Greater and Not-So Greater Washington Blogs
We’ve been lucky to get some attention and notice from a number of DC blogs – ones that cover the immediate neighborhood and others that focus more on DC real estate and development.
But having a combined thirty years of actual newsroom experience, much of those at C-SPAN, were what really honed our skills as bullshit detectors. And speaking of… We couldn’t help but be amused (yet slightly put off) by the screed published last week on what we once thought was a responsible online outlet – GreaterGreaterWashington.
It seems that GGW’s Founder, Editor-in-Chief (and who knows what else), David Alpert, has a certain bug up his ass about a certain community’s efforts to maintain the sustainability, integrity and viability of their neighborhood. According to his bio, Mr. Alpert, “…has had a lifelong interest in great cities and great communities.” That may be true, but we’ve learned that he has little or no interest in accurate reporting.
In a nearly 700 word jumble of mistaken facts, misinformed opinions and baseless charges, Mr. Alpert vented on your humble editors and indirectly on our neighbors on Wallach Place. No matter; we take it in stride. But worse than him being ignorant of the facts, Alpert’s unconscionable sin was to violate a simple and sacred tenet of journalism – not reaching out to us ahead of time before he published (like many of the other journalists listed above did).
Alpert appears neither bound by facts or common journalistic courtesies. We trawled through his online sandbox just long enough to correct the record as best we could in the comments section. So for the purposes of setting the record straight, we republish our brief response:
Mr. Alpert, We were going to fire off a quick response to your piece earlier this week, but it took us far more time than we’d thought to catalog your litany of factual errors, misrepresentations and baseless accusations.
1. Despite your fanciful and uninformed inference, my partner Doug and I hardly orchestrated the block’s solid opposition to the current Level 2/Colbert plan. Nearly a dozen residents with anywhere from 10 – 50 years of hard time on Wallach Place turned out to voice concerns at the HPRB meeting three weeks ago. We’re hardly the puppet-masters you make us out to be – rather we launched a blog to serve as a public forum to track the development on a number of towering projects that are slated to rise quite literally over our backyards.
2. Your basic arithmetic is wrong. This planned project is not a six-story building as you wrote. Go back and count or take a closer look at the plans and renderings. The Level 2 proposal is seven stories plus a penthouse, roof deck and mechanicals – planned to top out at over 90 feet.
That would make this project only slightly shorter than the Ellington – a building with significant multiple setbacks that’s situated on a much deeper and expansive lot. And in the case of the Ellington, where it does abut the shorter townhouses on 13th Street, that elevation is only four stories.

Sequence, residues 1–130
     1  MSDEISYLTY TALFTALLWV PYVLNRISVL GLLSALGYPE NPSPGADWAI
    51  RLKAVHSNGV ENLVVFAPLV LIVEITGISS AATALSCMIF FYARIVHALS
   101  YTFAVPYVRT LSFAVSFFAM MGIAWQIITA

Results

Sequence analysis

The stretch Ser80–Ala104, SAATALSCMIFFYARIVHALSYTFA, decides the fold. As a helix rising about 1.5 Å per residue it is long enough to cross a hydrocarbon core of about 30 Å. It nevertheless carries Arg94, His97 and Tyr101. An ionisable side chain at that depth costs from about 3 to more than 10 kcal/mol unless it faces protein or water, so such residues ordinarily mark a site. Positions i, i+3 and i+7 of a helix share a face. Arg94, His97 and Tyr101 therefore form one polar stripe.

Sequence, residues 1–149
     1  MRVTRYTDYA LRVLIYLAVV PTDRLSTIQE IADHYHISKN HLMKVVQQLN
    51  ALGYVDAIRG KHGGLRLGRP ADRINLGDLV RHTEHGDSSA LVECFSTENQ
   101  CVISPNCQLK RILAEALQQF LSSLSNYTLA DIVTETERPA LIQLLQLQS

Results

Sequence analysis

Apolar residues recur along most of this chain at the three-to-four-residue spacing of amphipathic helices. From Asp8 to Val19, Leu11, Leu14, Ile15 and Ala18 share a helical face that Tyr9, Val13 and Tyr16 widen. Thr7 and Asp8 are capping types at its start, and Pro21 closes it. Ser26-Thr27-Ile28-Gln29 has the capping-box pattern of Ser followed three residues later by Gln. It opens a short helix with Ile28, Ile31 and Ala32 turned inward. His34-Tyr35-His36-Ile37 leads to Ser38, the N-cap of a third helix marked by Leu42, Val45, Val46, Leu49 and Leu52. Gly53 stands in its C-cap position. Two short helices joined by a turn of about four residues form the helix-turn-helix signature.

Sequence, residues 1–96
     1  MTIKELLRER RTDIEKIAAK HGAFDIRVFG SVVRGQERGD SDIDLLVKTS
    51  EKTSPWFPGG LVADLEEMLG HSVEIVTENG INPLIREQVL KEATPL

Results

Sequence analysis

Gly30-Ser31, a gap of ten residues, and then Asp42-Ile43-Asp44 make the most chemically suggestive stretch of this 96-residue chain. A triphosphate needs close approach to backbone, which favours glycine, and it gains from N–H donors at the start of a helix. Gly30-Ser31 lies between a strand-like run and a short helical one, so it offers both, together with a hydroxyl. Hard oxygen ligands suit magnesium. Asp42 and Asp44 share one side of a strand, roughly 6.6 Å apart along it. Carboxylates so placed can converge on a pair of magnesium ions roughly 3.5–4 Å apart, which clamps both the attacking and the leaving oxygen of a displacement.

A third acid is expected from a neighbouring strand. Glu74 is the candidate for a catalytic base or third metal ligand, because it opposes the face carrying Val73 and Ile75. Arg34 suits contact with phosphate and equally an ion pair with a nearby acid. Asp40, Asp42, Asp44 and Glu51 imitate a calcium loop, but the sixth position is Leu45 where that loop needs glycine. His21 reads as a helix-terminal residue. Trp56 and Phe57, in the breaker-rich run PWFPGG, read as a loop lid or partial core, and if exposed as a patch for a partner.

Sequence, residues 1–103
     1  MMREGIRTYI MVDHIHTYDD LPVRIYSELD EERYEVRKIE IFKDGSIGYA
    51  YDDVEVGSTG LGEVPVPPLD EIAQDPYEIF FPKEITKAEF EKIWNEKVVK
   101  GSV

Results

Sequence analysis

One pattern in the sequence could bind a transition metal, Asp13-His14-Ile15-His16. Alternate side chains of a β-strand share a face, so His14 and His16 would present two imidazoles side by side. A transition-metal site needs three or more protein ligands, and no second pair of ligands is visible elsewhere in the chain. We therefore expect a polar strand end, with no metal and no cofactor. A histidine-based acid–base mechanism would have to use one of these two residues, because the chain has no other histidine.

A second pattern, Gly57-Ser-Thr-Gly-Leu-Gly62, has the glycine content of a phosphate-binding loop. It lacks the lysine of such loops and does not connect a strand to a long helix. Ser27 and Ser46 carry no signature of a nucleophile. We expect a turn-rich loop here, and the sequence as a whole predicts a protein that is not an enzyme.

3. Your choice to use 17th and Church as a point of comparison is wholly misleading. The apartment building you feature is more consistent of the period and the townhouses on that block are considerably taller than ours – many of them being 3.5 stories. Also, Church boasts a large green space at 18th. Better blocks to compare Wallach to would be our sister streets of Caroline and Willard.
4. We maintain that while Level 2 may have conducted the requisite notifications to ANC and other neighborhood groups, the fact that an entire block of active and informed residents was caught off guard by this project – one on the drawing board for over a year probably – speaks poorly to the design team’s lack of interest in being good neighbors at the onset. They could have easily engaged the residents most affected by this project, but they chose not to. They failed at the most rudimentary elements of public relations.
No one wants the Yums bunker gone like the residents of Wallach Place and we’re ready to partner with any developer who wants to replace that eyesore, but Level 2 chose to conduct their affairs in stealth mode. They didn’t even reach out to the owner of the townhouse that will directly abut their project, and tower nearly 100 feet over it. Rather than lazily rely upon a single anonymous comment from borderstan, you could’ve done some basic research, or even actual journalism.
5. Had you spent the time doing that basic research on our positions, you’d know that our chief concerns about the project are not parking but rather the building’s scale, massing, and setbacks. And the HPRB felt the same – voting unanimously to send David Franco and Eric Colbert back to the drawing board to have them restudy those exact aspects, in addition to fixing the “K Street” look of the project.
Each of your factual errors could’ve been averted had you had operated with a simple and fundamental element of journalistic integrity – one that dictates that you reach out to us for comment before publishing. So in the spirit of your lazy, sloppy and inaccurate drive-by shooting, we’ll cut and paste something from your comments section: “GGW going bat for them (Level 2), speaks to GGW’s credibility gap.”
We concur. Maybe it’s time to consider a name change to your site – “Not So Greater Washington.” Regards, Doug Johnson and Craig Brownstein
It was the HBRB that called the Franco/Colbert project “a failure of imagination.” It’s the Wallach Place families that imagine something greater on that site, and it’s doubtful they’ll be deterred, dissuaded or distracted by failures of journalism.